Device to fight the pandemic at home
One of the highlights of the 2020 competition was an invention that won first prize in the App Inventor category. Called the Smart Home Pandemic Fighter, the invention – which included a smart home device that required the students to apply technical knowledge in areas such as mechanical assembly, hardware control and coding – took almost three months to complete.
The app was created by students from Chan Sui Ki (La Salle) Primary School, and utilises a four-in-one smart device to remind family members to conduct disinfectant procedures upon arriving at home. The app is programmed to send messages to parents, informing them whether or not their children have completed the task.
The students’ teacher-adviser, Anthony Wong Chi-hung, says: “Their resourcefulness and problem-solving skills were on full display … they had to find methods to fix bugs themselves, such as by watching videos on YouTube. Their self-learning capabilities exceeded our expectations.”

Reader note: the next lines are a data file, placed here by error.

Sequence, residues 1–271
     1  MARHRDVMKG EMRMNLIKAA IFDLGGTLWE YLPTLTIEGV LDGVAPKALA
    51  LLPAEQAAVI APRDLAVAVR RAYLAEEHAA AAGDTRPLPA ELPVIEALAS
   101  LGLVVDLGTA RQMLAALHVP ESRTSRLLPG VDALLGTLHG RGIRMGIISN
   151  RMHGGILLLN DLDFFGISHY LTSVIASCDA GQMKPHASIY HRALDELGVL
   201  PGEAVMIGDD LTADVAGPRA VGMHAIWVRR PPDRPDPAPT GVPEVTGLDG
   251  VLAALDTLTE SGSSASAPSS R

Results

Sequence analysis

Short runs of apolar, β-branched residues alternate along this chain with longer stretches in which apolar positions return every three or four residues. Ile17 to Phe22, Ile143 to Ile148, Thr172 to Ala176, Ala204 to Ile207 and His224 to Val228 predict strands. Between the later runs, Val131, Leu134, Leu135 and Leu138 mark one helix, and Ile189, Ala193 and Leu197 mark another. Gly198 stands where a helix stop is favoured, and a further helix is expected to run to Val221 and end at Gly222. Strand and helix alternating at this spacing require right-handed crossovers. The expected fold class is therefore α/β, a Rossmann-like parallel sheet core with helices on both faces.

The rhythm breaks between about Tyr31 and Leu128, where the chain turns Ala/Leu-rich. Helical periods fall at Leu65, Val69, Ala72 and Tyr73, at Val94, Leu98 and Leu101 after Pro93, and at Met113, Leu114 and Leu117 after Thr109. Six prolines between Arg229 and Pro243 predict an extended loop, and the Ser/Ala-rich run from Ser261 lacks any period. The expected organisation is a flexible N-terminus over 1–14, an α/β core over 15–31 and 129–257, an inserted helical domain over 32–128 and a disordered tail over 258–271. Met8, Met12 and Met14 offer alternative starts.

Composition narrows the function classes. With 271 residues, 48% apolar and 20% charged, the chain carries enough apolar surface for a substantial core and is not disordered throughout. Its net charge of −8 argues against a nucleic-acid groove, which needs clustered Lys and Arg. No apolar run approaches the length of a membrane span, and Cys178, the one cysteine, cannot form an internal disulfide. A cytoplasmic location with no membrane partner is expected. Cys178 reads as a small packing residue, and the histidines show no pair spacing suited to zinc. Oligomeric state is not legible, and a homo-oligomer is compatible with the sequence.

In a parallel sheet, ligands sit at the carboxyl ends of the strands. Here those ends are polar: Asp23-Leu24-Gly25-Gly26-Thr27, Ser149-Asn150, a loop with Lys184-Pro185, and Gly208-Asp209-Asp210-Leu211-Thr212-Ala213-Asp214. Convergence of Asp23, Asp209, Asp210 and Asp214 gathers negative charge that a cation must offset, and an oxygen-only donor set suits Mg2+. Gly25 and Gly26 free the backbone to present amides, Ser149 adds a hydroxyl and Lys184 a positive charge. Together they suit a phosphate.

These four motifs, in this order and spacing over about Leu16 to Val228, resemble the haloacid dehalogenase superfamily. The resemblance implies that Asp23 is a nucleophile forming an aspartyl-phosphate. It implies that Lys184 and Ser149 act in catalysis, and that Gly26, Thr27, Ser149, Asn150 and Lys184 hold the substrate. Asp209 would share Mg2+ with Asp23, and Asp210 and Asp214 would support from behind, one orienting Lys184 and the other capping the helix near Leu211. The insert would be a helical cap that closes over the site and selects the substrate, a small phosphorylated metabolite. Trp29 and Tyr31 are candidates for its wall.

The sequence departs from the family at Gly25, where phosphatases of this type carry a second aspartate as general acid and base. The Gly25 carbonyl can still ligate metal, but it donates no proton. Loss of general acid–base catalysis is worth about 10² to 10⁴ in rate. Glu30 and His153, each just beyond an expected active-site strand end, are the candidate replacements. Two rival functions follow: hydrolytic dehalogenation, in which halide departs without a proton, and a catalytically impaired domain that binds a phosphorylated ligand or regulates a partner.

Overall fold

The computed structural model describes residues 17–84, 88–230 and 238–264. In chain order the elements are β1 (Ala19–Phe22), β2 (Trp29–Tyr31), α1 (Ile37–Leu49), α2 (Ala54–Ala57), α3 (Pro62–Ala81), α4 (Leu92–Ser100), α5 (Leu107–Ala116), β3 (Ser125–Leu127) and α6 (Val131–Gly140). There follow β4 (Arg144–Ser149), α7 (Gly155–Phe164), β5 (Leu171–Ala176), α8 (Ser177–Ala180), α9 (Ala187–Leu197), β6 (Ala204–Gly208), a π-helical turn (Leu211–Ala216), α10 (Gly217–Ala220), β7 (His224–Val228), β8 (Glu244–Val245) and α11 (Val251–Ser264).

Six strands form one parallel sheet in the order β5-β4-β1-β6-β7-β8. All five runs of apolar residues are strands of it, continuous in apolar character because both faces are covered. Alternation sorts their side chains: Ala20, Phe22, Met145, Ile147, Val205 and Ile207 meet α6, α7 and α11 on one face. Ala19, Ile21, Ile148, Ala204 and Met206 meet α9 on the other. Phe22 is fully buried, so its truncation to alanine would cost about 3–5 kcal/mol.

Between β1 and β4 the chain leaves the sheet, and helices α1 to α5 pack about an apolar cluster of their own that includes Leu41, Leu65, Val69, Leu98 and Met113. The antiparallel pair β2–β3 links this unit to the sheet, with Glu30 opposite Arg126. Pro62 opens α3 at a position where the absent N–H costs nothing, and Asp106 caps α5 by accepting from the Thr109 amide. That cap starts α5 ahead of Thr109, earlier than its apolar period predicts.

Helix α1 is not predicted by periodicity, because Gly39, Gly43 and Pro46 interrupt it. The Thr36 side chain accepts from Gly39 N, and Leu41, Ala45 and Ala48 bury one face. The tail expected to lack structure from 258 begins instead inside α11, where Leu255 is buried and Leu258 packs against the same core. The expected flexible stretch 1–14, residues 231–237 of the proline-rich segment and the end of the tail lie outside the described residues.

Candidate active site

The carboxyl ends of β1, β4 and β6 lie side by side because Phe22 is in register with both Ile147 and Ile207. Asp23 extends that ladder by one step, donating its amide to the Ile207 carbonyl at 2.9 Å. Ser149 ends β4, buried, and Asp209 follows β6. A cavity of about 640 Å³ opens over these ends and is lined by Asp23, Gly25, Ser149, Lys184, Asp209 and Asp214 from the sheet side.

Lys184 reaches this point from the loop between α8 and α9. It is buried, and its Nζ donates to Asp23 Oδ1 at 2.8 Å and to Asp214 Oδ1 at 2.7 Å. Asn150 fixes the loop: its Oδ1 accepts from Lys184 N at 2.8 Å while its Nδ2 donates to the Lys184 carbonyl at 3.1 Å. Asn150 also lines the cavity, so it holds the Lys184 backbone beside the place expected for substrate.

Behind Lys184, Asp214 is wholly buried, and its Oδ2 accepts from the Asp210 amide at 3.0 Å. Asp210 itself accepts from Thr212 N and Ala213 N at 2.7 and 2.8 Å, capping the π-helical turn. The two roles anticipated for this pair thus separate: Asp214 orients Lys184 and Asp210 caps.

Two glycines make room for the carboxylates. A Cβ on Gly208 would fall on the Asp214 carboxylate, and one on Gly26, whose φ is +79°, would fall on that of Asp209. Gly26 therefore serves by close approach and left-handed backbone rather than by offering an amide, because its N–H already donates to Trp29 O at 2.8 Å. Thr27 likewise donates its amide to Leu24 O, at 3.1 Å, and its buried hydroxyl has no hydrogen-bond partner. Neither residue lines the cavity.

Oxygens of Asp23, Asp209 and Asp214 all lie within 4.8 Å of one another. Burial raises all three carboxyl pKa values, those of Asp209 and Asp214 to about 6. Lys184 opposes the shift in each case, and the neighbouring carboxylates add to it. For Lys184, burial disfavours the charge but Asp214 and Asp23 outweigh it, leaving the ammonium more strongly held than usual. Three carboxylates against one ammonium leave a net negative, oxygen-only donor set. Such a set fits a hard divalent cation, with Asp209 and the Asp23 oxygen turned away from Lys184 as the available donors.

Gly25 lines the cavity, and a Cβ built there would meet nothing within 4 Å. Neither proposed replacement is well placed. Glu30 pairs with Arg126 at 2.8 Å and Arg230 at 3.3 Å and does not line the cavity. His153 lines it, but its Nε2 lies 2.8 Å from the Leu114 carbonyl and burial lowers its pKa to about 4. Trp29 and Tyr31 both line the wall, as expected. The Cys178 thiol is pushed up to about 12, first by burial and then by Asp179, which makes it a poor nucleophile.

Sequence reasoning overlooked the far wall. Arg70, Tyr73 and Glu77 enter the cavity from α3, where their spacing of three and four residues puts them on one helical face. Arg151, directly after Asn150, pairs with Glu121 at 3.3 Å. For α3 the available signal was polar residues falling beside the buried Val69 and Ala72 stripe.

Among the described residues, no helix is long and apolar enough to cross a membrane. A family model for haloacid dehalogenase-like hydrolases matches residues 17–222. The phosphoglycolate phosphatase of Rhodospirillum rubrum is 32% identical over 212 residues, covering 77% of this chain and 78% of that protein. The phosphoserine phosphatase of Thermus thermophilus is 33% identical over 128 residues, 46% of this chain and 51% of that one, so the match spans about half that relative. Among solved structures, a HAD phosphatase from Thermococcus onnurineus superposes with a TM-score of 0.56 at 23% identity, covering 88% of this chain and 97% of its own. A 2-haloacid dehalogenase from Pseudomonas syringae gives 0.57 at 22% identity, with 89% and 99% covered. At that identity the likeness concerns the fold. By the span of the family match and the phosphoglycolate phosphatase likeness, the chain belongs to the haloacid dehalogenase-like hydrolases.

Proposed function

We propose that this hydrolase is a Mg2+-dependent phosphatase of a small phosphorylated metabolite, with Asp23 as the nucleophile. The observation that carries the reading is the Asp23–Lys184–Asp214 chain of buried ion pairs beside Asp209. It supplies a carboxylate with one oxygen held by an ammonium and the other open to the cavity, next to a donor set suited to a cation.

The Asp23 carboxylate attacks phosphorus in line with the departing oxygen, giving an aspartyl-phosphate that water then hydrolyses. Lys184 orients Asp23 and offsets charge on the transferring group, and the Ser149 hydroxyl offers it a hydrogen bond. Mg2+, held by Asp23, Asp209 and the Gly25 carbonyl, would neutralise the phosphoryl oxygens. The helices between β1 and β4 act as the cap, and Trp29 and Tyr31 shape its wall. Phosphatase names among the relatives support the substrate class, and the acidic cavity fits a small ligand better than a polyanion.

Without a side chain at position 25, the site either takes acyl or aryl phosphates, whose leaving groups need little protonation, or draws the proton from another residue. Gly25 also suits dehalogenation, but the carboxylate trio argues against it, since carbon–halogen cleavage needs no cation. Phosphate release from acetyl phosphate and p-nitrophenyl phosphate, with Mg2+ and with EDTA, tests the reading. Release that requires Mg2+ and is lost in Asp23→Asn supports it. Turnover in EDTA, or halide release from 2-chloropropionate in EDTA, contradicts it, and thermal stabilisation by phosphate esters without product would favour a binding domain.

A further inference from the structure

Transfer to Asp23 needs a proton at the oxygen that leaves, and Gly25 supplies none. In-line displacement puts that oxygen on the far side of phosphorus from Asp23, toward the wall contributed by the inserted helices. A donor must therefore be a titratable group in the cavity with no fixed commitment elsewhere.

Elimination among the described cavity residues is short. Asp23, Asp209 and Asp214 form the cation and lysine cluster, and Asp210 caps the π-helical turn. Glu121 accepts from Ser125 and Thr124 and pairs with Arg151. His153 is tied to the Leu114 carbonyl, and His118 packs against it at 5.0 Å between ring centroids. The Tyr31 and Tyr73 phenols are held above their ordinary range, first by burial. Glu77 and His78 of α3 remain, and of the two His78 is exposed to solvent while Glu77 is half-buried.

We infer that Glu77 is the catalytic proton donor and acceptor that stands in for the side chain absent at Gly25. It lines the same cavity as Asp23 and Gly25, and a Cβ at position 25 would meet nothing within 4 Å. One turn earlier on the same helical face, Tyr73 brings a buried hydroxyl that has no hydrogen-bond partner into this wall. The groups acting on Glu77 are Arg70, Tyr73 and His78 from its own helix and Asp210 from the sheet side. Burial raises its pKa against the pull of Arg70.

Restroom auto-flushing device
Another invention that garnered attention was an auto-flushing device made by students from King’s College Old Boys’ Association Primary School No 2, who were concerned about public restroom hygiene.
The student team had observed a lack of good hygiene habits – for example, some people not putting the lid down after using the toilet in high-usage areas such as schools and shopping malls.
The smart device can auto-flush toilets once the lid is lowered, by sensing overall light levels. Other technologies including an ultrasonic sensor were used to detect and collect data about the usage rates for different bathroom stalls, and then automatically flushes those toilets during peak times.
The student inventors believe that staying healthy is most important, so they wanted to reduce the possibility of people getting sick by reducing the amount of contact they have to make with different surfaces.